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Weeks ago, the small town of Elizabeth City, North Carolina was rocked by another police-involved shooting of an unarmed man named Andrew Brown Jr. Police had arrived to execute an arrest warrant on Brown, who had attempted to flee the scene when he was shot by officers.  Lawyers for Brown’s family suggested that the shooting was an “execution”, and demanded that authorities release body cam footage of the killing to the public. Now, the county’s district attorney has stated that, while the incident was certainly “tragic”, the police officers were justified in their use of force. North Carolina District Attorney Andrew Womble said at a press conference on Tuesday that the deputy-involved shooting of Andrew Brown Jr. “while tragic, was justified” – and no law enforcement officers will be criminally charged in the case. Womble, the elected district attorney for Judicial District 1, which covers seven counties of the northeastern part of the state, said that Brown was shot at by three Pasquotank deputies, whose actions were “justified because Brown’s actions caused deputies to reasonably believe it necessary to use force to protect themselves and others.” Womble began playing four body camera videos during the press conference, which was broadcast by several news outlets. Brown ignored deputies’ commands to stop and began to drive his car directly at one of the officers, Womble said. He said the first shot fired at Brown’s car went through the front windshield, not the back as was previously reported. The newly released portion of video was available online, and is graphic in nature. https://twitter.com/JackPosobiec/status/1394751010938183684?s=20 There is no telling if the explanation will satisfy police reform protesters, however, and Elizabeth City could see renewed protests in the coming days.

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CDC Mask Guidline Confusion Demonstrated in Latest Polling

Americans just don’t seem to trust the CDC.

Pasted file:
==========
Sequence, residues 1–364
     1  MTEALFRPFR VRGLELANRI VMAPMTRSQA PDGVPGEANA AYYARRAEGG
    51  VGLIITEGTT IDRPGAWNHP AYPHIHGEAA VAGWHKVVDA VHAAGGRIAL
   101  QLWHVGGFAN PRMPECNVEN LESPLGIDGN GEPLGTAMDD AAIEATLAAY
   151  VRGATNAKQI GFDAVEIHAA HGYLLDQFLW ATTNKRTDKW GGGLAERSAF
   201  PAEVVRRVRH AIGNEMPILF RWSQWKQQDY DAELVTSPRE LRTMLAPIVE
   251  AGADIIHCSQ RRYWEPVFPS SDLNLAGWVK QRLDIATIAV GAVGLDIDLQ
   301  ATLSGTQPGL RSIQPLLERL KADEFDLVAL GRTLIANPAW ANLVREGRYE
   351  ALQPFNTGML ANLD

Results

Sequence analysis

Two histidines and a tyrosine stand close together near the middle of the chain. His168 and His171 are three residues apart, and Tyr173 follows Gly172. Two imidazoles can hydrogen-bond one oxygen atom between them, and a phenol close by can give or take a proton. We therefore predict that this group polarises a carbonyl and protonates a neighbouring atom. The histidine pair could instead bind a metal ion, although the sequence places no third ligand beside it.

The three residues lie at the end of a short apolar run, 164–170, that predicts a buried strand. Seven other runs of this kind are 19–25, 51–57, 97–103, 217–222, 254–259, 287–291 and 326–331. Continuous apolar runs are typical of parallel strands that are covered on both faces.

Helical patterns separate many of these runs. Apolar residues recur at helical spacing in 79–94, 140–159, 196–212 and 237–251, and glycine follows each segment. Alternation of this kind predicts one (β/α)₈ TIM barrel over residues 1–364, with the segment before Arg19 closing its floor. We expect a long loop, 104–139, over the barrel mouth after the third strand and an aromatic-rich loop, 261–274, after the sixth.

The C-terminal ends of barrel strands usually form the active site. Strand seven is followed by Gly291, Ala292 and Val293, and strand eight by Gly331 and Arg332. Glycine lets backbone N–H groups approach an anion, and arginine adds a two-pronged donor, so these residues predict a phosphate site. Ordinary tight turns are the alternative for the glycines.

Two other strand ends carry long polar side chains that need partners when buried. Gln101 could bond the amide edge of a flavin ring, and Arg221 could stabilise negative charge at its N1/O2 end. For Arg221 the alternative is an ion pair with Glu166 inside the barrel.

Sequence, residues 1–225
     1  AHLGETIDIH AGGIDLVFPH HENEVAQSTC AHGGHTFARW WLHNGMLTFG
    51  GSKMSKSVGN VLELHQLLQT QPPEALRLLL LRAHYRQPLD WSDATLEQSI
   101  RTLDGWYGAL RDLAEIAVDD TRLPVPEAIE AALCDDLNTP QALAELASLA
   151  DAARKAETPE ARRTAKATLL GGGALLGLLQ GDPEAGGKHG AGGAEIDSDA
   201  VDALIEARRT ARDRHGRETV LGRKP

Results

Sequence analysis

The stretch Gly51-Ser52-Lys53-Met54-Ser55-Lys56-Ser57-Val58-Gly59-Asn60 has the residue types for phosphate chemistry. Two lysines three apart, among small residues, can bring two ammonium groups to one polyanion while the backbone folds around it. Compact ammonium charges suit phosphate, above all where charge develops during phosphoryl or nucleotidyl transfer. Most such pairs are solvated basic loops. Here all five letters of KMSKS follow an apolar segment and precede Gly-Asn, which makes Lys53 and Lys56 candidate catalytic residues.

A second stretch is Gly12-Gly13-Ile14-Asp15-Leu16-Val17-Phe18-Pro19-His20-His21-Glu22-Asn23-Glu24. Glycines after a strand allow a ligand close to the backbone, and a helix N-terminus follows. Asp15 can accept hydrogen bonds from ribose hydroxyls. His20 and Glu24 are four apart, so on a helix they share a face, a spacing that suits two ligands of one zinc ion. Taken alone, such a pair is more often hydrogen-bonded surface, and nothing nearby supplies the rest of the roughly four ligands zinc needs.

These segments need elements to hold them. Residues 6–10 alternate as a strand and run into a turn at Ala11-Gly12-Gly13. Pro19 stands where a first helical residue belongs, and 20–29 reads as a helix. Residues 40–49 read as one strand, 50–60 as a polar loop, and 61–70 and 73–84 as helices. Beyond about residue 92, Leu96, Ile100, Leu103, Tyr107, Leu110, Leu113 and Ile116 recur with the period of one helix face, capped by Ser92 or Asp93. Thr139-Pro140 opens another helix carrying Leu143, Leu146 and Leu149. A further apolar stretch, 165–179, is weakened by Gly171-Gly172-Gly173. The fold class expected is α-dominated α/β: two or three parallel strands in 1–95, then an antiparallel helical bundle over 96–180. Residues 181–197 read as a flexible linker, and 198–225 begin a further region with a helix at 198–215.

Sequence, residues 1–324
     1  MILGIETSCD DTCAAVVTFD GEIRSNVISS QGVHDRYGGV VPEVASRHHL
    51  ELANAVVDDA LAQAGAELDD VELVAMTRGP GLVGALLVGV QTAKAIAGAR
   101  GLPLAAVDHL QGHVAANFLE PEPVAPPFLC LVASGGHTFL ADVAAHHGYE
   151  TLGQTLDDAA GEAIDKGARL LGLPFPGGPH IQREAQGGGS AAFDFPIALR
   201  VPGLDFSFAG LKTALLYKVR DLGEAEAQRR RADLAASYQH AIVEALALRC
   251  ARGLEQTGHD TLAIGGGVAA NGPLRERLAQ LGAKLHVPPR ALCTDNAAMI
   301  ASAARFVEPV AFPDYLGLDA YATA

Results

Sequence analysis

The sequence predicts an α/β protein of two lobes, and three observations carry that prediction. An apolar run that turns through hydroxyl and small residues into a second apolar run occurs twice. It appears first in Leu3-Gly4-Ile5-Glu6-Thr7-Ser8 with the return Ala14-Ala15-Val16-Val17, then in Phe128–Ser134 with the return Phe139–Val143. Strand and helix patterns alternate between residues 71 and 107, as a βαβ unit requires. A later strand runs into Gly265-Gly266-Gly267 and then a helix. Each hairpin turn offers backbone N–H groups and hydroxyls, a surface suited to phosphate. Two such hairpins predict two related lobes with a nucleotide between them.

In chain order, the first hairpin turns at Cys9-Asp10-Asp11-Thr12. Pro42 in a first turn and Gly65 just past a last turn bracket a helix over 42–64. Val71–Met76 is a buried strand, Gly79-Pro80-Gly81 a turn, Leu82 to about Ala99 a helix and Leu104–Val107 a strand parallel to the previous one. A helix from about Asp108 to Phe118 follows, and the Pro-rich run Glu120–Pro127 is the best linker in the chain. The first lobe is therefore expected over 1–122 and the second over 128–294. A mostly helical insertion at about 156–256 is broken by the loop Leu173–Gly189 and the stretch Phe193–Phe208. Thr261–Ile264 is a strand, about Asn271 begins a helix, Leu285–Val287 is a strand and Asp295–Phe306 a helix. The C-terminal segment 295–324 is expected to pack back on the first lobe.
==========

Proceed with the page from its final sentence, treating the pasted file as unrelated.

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Around the nation, businesses are reopening to full capacity, fans are filling the stadium stands, and bands are announcing their touring plans, thanks to the diminishing perception of a threat stemming from the COVID-19 pandemic. This has been a long time coming for Americans, and some carry with them a wee bit of trepidation still about the coming recovery. A new poll shows that many Americans are even having a hard time processing the CDC’s latest mask-guideline adjustment. A significant portion of the public still believes in wearing a mask outside regardless of guidelines from the Centers for Disease Control and Prevention (CDC), according to a recent survey. The survey indicates that forty-two percent of respondents believe everyone in their area should continue to wear a mask regardless of the CDC guidelines. Of the respondents, 39 percent said everyone should follow the CDC guidelines that state masks are only necessary outdoors when in crowds compared to only 19 percent of respondents who actually believe “everyone should do [what] they want regardless of guidelines.” And, somewhat surprisingly: Of those who believe in continuing to wear masks, broken down by party, the results were almost even; 36 percent of Republicans and 37 percent of Democrats want everyone around them to wear masks. Of course, the distrust that Americans naturally have for their government shouldn’t be overlooked either, as their handling of the coronavirus pandemic has spawned a number of protests and lawsuits around the nation.